Investors cut US stocks to sub-prime crisis lows

Global investors severely cut their exposure to U.S. equities this month, according to Bank of America Merrill Lynch, amid record highs for stocks and an aggressive selloff in bond markets.

Appetite for U.S. stocks tumbled to levels not seen since January 2008, with more fund managers trimming their equity holdings to underweight as confidence in corporate profits dwindled, the bank's May Fund Manager Survey revealed. (Tweet This)

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A trader works on the floor of the New York Stock Exchange.
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A trader works on the floor of the New York Stock Exchange.

Allocation to equities in the U.S. fell, with a net 19 percent of investors polled by the bank last week running underweight positions, in stark contrast to the overweight positions held in the first quarter of the year.

It comes after stock markets touched fresh highs, with the S&P 500 closing at record levels last week, when fund managers were polled. Equities have continued to climb this week, with the Dow Jones industrial average and S&P ending at new records on Monday.

The shift in exposure marks the single biggest monthly drop in fund manager allocation since September 2009, the bank said, with overweight cash positions rising sharply.

"There is no loss of faith in economic recovery, and positioning still assumes that the U.S. dollar goes up, but doubts are creeping in – hence this jump in allocation to cash," said Michael Hartnett, chief investment strategist at BofA Merrill Lynch Global Research, in a note.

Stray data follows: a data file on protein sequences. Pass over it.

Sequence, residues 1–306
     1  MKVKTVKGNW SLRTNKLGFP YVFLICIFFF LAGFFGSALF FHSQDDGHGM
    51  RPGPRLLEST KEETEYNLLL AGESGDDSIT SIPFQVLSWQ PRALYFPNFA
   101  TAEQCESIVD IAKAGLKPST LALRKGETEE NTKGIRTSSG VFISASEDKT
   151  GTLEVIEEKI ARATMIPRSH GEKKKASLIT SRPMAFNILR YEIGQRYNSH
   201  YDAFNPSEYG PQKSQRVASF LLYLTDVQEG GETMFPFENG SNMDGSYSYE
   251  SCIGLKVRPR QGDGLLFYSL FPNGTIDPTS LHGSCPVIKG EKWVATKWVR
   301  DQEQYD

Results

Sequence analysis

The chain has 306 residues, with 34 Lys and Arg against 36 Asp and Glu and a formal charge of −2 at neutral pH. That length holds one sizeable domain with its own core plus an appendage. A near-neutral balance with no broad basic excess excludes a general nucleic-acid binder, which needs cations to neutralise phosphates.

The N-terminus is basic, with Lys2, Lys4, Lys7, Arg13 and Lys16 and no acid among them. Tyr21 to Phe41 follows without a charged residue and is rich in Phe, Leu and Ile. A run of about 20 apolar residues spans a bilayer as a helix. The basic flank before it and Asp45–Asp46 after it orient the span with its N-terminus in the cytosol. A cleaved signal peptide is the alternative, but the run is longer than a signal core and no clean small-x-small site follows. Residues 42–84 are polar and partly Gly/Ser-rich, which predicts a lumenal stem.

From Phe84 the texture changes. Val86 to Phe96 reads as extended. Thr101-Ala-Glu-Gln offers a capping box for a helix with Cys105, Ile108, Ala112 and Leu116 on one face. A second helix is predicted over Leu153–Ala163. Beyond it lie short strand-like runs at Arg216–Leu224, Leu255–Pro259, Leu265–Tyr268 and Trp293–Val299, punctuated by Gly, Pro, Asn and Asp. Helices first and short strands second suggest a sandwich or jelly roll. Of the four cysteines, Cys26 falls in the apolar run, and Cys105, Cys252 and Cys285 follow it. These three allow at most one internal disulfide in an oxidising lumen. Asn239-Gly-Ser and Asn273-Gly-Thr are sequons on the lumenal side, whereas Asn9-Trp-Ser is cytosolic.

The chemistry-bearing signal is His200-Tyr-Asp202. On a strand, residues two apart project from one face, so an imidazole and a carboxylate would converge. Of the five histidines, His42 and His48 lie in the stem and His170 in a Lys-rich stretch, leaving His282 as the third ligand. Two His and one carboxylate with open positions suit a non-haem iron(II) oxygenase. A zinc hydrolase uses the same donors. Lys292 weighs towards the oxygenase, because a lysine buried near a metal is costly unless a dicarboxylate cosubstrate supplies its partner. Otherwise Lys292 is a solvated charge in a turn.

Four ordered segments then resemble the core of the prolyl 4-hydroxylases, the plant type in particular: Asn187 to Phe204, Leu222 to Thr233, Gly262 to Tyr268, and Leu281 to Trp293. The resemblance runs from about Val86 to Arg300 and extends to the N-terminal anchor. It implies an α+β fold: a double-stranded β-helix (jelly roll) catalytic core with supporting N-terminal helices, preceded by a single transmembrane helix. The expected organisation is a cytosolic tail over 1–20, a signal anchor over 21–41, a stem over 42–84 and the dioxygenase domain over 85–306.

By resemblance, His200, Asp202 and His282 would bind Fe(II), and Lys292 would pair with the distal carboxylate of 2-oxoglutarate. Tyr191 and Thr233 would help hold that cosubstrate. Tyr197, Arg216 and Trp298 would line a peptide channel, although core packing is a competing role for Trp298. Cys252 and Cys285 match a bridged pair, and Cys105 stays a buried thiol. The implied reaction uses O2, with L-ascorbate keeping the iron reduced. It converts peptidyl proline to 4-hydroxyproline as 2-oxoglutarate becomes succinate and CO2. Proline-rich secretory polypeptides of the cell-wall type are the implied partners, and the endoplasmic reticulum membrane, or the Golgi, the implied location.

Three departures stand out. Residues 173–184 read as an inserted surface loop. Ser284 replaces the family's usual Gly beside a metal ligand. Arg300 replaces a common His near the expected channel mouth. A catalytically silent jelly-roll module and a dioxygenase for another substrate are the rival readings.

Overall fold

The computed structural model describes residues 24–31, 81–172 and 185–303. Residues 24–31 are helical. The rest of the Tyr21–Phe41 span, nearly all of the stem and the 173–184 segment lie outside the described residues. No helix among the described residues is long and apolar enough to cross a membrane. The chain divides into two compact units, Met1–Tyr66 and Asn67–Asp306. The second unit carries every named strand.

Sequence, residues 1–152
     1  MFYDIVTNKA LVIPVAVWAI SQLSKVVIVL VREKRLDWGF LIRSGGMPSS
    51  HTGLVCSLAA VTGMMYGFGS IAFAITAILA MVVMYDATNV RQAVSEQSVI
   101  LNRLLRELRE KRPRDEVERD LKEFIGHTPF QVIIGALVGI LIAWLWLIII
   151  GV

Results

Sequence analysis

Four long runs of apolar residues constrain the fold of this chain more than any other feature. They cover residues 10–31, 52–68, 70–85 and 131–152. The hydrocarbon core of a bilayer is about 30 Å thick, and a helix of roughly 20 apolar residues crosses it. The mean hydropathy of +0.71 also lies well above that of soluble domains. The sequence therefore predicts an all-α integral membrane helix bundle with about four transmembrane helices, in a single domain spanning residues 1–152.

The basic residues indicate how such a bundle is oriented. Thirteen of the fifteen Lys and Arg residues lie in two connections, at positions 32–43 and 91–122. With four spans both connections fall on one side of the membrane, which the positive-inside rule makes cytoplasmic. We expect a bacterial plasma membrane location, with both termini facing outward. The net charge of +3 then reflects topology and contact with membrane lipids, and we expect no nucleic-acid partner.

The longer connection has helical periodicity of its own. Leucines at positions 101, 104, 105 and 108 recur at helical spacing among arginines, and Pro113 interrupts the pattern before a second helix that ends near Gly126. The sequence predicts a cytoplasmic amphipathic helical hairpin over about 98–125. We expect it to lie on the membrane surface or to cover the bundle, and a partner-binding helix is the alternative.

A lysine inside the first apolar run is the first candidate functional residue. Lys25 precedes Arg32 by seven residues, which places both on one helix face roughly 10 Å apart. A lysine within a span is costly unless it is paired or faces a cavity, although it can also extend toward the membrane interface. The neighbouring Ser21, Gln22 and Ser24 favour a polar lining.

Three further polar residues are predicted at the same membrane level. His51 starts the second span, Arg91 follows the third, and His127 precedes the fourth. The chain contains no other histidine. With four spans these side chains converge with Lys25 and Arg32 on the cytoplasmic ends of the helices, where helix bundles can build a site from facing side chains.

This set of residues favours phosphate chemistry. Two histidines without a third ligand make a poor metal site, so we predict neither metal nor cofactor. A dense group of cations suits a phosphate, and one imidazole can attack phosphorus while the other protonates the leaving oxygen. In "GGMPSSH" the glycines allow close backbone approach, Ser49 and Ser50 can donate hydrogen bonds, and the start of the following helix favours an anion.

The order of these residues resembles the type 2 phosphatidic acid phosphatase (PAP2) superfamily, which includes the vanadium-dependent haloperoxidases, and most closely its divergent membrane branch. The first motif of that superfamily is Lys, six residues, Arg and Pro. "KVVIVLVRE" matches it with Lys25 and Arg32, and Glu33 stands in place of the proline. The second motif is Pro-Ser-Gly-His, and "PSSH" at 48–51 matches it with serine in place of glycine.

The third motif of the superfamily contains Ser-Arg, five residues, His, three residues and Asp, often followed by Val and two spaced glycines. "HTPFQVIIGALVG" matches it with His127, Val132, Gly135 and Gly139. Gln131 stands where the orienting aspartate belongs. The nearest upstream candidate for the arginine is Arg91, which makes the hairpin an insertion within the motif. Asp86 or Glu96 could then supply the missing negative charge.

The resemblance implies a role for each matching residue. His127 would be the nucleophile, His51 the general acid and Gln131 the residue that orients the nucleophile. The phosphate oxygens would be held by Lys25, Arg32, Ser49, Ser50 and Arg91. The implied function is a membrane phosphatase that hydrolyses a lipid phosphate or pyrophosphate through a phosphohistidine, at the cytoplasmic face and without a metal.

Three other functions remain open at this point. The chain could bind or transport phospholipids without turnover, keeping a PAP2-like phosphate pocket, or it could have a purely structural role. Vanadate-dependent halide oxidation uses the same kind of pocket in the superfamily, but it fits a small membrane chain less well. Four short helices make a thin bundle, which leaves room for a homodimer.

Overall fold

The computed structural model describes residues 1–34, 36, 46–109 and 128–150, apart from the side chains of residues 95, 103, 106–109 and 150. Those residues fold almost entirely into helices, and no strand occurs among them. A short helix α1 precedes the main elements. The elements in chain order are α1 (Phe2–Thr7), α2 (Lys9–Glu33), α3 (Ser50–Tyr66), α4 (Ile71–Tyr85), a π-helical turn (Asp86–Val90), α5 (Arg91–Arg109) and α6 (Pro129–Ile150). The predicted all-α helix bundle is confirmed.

Beyond the U.S., most investors remain broadly bullish on equities, but the number of managers in favor of stocks fell, with around 47 percent of respondents overweight - down 7 percentage points month-on-month.

Confidence in corporate profitability has also fallen, with only 7 percent of investors surveyed viewing the U.S. as the region with the most favorable earnings outlook.

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Despite the sharp adjustment in U.S. equity exposure, bonds were tipped to be the most vulnerable. Over half of the 208 investors surveyed, which collectively manage $608 billion, identified fixed income as the asset class likely to see the most volatility this year.

These shifts follow severe moves in bond markets, as investors weighed the timing of a Federal Reserve interest rate hike, as well as the duration of the European Central Bank's recently launched bond-buying program.

As well as downgrading U.S. stock holdings, investors bolstered their cash positions to 10 month highs, cut bond allocations and upped energy, technology and bank exposure according to the survey.